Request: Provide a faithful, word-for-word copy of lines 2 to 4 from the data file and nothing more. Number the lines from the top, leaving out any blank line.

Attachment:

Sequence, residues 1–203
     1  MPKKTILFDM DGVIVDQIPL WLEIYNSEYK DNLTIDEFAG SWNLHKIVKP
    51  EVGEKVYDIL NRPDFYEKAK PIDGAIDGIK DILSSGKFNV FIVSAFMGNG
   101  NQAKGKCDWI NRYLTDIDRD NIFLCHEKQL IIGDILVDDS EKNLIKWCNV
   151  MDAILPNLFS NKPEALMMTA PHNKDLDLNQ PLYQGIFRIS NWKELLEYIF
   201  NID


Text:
     1  MPKKTILFDM DGVIVDQIPL WLEIYNSEYK DNLTIDEFAG SWNLHKIVKP
    51  EVGEKVYDIL NRPDFYEKAK PIDGAIDGIK DILSSGKFNV FIVSAFMGNG
   101  NQAKGKCDWI NRYLTDIDRD NIFLCHEKQL IIGDILVDDS EKNLIKWCNV